Chris Jones and Stephen McAdoo practice Edmonton Elks collectively once more

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“It’s a yin and yang”

Stephen McAdoo (left) and Chris Jones appear in a photo of the Edmonton Elks coaching staff in 2014. Stephen McAdoo (left) and Chris Jones appear in a photo of the Edmonton Elks coaching staff in 2014. Photo by Larry Wong /mail media, file

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The two top coaches responsible for a revamped staff for the Edmonton Elks aren’t just back together.

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Chris Jones and Stephen McAdoo are more like each other’s yin to yang, peanut butter to their jelly, or maverick to their goose.

Regardless of the reference, the endgame is the same. They are inseparable.

Not only were they the best offensive and defensive heads that guided the Green and Gold to their last Gray Cup championship in 2015, but they’ve stayed very close throughout their professional coaching careers.

Both entered the college football scene in the same state in the mid-1990s, with Jones being a research assistant at Tennessee Tech before coaching the defensive line at the University of Tennessee at Martin, while McAdoo tight ends at Middle Tennessee State trained.

In 1999, Jones returned to Tennessee Tech to coach the defensive line and coordinate recruiting, while McAdoo arrived to coach the offensive line and tight ends.

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And since then, they’ve been together more often than apart.

From there, Jones made the leap to the Canadian Football League as defensive line coach with the Montreal Alouettes in 2002, before being promoted to defensive coordinator the following season when McAdoo was brought on board as co-offensive coordinator.

After five years together, Jones joined the Calgary Stampeders and McAdoo joined the Toronto Argonauts before they were reunited as offensive and defensive coordinators in Edmonton when Jones rose to the head coaching ranks in 2014.

Both went together shortly after their run to the championship the following year and spent the next three years with the Saskatchewan Roughriders before Jones attempted coaching in the NFL.

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Last year, McAdoo coached the offensive line in Toronto, where Jones was employed as a mid-season defensive adviser before being reinstated by Edmonton after a 3-11 season, which led to the mass layoff of general manager Brock Sunderland and head coach Jaime Elizondo, along with President and CEO Chris Presson.

“Well, it’s a yin and yang,” Jones said, opting for ancient Chinese philosophy about how opposites attract and complement each other rather than the top gun reference or delicious brown bag lunch. “I’m very positive and have a tremendous personality and Macs are on the other side of the equation.”

OK. Keep.

The always serious Jones – known in the league as the Man in Black for a reason – even made himself laugh. Oh, they’re opposites, alright, but McAdoo is hardly the pair’s shrinking purple.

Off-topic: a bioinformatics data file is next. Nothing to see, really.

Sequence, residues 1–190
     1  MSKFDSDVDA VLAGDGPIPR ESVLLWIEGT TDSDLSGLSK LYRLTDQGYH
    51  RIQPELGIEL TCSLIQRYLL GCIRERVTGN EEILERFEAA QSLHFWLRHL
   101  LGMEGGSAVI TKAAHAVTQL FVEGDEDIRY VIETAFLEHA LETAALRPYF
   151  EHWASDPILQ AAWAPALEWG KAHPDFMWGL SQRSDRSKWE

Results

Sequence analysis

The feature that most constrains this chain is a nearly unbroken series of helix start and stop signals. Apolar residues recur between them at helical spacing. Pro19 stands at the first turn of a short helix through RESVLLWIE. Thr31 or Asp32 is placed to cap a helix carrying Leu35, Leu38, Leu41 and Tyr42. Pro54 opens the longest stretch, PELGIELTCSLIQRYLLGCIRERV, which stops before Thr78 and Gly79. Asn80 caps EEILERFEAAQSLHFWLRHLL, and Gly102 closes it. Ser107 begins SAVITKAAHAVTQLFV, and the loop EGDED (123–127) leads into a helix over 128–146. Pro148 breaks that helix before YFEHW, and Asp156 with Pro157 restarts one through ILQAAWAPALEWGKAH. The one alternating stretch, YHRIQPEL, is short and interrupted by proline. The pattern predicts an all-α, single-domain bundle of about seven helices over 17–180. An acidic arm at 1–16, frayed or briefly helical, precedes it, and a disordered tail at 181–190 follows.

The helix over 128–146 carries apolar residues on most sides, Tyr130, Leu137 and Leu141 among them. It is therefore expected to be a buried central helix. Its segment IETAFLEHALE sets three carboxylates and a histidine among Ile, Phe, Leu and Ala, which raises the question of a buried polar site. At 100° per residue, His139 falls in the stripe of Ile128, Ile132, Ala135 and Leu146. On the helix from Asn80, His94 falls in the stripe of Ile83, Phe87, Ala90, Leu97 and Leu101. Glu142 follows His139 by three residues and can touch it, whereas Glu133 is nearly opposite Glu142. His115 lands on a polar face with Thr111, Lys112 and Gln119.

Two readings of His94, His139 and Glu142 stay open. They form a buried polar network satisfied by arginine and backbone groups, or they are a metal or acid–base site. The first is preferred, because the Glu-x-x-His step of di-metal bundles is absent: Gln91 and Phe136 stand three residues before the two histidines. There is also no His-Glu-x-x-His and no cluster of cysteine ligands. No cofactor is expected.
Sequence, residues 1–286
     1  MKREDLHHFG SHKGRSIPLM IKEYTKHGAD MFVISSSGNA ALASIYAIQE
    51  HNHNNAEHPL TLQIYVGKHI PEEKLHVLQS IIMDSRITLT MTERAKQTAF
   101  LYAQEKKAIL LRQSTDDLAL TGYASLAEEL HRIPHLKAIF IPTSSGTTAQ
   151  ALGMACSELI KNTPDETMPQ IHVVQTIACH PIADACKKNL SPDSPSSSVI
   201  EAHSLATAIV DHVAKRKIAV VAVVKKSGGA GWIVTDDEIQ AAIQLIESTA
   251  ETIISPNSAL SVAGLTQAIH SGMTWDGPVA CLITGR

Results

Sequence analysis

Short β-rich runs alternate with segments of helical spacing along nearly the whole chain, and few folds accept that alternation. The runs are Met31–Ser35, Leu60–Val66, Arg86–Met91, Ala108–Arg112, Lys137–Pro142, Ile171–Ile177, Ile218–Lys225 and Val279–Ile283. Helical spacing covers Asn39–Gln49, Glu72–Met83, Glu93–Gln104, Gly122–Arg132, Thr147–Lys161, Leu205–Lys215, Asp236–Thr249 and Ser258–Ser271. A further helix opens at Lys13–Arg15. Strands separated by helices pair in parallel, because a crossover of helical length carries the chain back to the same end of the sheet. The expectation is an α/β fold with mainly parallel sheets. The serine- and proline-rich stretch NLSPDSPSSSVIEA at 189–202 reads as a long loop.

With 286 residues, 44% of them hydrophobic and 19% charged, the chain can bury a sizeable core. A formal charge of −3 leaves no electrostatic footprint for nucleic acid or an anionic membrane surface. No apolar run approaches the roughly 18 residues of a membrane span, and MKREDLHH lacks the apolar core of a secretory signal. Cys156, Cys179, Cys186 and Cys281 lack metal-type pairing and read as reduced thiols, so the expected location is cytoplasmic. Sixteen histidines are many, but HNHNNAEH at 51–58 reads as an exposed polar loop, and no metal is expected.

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“I’ll let him speak then,” McAdoo said, clearing his throat. “I’ll be the bad guy. I think other people would say otherwise, but…

“No, it was a great time with Chris. I learned a lot from him. We have been together and have gone through many trials and tribulations and learned from those processes.

“It gets to the point that when he thinks something, I think almost the same thing.”

While they’re on the same wavelength on the sidelines of a soccer field, off the field their relationship is even deeper.

“He’s just like a brother like I had. Outstanding football coach,” Jones said, adding that the shared view of coaching is as much a lifestyle as it is a profession. “And we didn’t hire anyone who didn’t bring anything.

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“In fact, all I do from the moment I wake up in the morning is try to help us win a football game. That’s it.”

As the league progresses, McAdoo has done his job for him, having returned from offense coaching a year ago to coordinate the Edmonton offense.

The scoring eventually slides down. But he says it’s not due to a lack of effort or conservative play-calling on behalf of his fellow OCs.

“Every coordinator I know is on the offensive. They’re attacking,” McAdoo said. “Basically it’s about execution, it’s about how the defense plays this game. Different things. Sometimes things will be there, sometimes not. You will be making your recordings and it will depend on whether or not you connect to those recordings.

In and out: On Tuesday, the Elks announced a one-year contract extension for Canadian safetyman Jordan Hoover, who has 111 tackles and three interceptions in 66 regular-season games since he was drafted by Edmonton in the fourth round (31st overall) from Waterloo in 2017 … you also added a pair of University of Miami products in RB Trayone Gray at 6ft 2 and 240lbs and OL Jahair Jones at 6ft 4 and 310lbs.

Email: [email protected]

On Twitter: @GerryModdejonge

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